clear that flight crews do not trust the airlines' new and
improved security measures. Flight crews and other employees
are deplaning passengers they feel are undesirable. A man
flying to Pakistan was ordered off a Delta flight in San
Antonio. In Orlando, two men were taken off a US Airways flight
bound for Baltimore. In Minneapolis, three men were denied
boarding on a Northwest flight to SLC. One airline executive
said, "The flight crews are extraordinarily edgy and will err
on the side of caution." ALPA wants Congress to pass legislation
to allow pilots to carry firearms in "fortified" cockpits. http://www.airlinebiz.com/wire (For Full Stories!)

* Our Recommendations for Increased Security (16SEP01)

In addition to the other security measure already taken or
planned, we recommend the following:

1. All airport and airline workers must pass through security
to gain access to sterile airport areas as most flight
crews do now -- Special emphasis on ramp workers!
2. An immediate airport re-badging plan which includes a new
application process not just a reissue of badges.
3. An intense 10-year background check completed by the FBI
(not the airlines) on all airport and airline employees
starting with ramp workers!
4. Finger print checks on all airport and airline workers
completed by the FBI (not the airlines).
5. All vehicles searched prior to entering the AOA.
6. A separate security screening area for all airport and
airline employees who must work on the AOA and in airport
sterile areas.
7. A secondary airport re-badging plan after finger prints and
background checks have been completed.
8. New application process for all airport and airline workers
allowed in Customs areas.
9. New applications process for all airport and airline workers
allowed to handle U.S. mail.
10. All future new hire background checks completed by the FBI
or another responsible U.S. agency.
11. Highly trained and armed Military or Police agencies replace
current security screeners.
12. Retraining and special emphasis on ALL aspects of
standardized "profile recognition".
14. Exact bag matching including non-revs.
15. Airport Security is National Security -- The FAA and airline
security should be replaced!

Our emphasis is on airline and airport workers. The "Miami Busts"
a couple years ago was symptomatic of a much larger problem at
our nation's airports. The days of anybody and everybody being
allowed to bypass security just because they have a magnetic
airport ID are OVER -- or at least should be. The FAA has
demonstrated they can NOT provide security oversight. The
ATA and the airlines have been able to politically influence
the FAA to a point where security has fallen flat on its face
and cost the lives of thousands.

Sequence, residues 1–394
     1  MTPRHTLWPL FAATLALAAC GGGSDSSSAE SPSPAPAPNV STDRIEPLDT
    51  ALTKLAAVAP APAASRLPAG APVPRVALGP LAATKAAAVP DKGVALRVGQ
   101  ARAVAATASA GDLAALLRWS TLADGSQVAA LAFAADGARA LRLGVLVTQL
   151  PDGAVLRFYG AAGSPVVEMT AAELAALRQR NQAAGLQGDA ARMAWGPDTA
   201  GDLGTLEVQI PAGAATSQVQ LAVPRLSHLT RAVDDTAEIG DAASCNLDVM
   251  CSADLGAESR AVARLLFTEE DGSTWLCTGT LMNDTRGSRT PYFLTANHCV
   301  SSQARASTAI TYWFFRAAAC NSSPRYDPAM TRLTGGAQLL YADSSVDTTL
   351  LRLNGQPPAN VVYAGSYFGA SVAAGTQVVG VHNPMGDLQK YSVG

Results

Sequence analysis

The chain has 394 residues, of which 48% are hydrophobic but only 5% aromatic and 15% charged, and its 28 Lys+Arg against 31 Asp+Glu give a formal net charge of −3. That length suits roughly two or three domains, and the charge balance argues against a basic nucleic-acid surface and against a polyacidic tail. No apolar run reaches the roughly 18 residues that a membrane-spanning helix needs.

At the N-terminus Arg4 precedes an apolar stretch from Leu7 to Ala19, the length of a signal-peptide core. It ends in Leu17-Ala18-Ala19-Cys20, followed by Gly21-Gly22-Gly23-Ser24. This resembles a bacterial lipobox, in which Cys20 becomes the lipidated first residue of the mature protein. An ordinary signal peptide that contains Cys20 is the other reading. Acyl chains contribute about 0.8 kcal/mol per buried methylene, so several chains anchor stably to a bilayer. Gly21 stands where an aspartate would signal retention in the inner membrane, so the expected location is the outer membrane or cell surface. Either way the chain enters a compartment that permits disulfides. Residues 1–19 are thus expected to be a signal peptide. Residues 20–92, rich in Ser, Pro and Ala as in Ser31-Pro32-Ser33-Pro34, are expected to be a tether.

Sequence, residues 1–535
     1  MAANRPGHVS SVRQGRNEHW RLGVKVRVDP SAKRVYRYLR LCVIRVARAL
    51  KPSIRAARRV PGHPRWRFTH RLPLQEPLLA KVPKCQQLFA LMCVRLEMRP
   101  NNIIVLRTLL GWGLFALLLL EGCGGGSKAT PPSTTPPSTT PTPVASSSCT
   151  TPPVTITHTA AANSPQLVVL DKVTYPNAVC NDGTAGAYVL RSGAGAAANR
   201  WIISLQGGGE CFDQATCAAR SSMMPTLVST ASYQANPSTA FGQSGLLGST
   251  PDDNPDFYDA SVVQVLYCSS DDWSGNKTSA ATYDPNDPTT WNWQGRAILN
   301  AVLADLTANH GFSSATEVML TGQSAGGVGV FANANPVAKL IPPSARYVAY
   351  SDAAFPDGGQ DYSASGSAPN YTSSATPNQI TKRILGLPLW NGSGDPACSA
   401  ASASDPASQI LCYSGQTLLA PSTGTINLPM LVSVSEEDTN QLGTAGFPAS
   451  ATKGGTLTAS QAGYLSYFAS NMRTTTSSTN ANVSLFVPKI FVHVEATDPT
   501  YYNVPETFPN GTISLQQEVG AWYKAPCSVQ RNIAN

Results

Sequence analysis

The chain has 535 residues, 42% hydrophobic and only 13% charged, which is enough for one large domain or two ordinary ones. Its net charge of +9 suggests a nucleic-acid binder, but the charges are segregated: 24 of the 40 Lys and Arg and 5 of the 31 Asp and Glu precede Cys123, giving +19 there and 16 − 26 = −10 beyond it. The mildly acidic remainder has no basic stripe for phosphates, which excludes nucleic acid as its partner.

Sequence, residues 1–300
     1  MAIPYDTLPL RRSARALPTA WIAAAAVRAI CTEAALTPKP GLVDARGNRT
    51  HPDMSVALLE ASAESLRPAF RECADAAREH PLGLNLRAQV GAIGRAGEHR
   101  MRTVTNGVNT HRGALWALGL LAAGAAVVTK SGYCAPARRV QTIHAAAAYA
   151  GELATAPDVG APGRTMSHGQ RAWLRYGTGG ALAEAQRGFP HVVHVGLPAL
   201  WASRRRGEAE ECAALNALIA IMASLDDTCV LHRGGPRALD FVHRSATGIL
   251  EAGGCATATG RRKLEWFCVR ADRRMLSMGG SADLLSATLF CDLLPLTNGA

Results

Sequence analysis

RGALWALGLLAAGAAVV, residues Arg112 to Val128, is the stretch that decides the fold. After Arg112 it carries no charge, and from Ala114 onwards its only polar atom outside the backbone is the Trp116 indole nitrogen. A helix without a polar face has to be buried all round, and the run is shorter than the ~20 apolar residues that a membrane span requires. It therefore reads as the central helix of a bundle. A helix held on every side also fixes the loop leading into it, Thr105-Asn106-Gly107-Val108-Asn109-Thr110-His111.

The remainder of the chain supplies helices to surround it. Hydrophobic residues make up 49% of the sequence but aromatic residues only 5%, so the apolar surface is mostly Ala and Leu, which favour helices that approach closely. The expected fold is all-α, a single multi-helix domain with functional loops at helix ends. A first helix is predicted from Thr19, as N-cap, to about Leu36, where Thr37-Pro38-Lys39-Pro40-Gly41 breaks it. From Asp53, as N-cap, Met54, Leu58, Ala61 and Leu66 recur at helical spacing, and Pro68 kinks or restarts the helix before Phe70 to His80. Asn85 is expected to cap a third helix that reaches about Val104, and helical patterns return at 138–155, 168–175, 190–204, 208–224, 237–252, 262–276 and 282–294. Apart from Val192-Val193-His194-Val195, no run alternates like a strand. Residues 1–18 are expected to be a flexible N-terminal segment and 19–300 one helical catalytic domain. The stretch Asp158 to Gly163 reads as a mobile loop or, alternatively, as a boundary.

Please send comments to the following email address:
mailto:[email protected]?subject=Security

or [email protected]

AirlineBiz.Com has set up a SPECIAL fast loading web page for this
coverage. Many reports are still unconfirmed. http://www.airlinebiz.com/wire (For Updates!)

************************************************************ ******************
A C K N O W L E D G E M E N T S | C O P Y R I G H T | T H A N K Y O U
2001©AirlineBiz.Com | Terms of Use: http://airlinebiz.com/main/legal
AIRJET AIRLINE WORLD NEWS™ is a free service provided by AirlineBiz.Com™
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Old 26th Sep 2001, 22:20
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The underlying problem in this hotline business is that it's an old FAA style to get 'activists' involved in controlled FAA committees, so as to control them - and it works.

Safety is then maintained at a low level, profitable to the airlines, while the activists suffer the delusion they are 'doing something.'

On airlines in the USA, you will be provided with forms for complaining which are mailed to essentially a company garbage can. That gives maltreated passengers the delusion that they are 'doing something,' when nothing could be further from the truth. In that delusion, the same complaints don't reach agencies who can actually do something about the problem.

Recently a PA-103 activist sued Al Gore for pressuring her on such a committee. The suit turned up a CIA effort against her which is as illegal as you can be - in theory - in the USA.

The FAA is too famous for doing nothing significant for safety in the face of glaring threat.

In the recent attacks, it has been revealed that the FAA not only ignored three Congressional reports on the security matter but gave HUGE bonuses to the Boston FAA people who let security get so bad that the FBI was called in. Still, nothing was done.

The FAA had years of continuous warning but did nothing worth mentioning to either the airports or airlines involved.

Conversely, the airlines are receiving billions of dollars for ignoring the security standards and may be protected from law suits.

The U.S. officials keep saying that there was no significant warning on the attacks, while the media - for a change - documents the very opposite. Yet, no one in the government is either fired or prosecuted.

While I would encourage any and all possible suggestions to be sent in to the FAA, I don't encourage any hope that anything will come of it.

[ 26 September 2001: Message edited by: SKYDRIFTER ]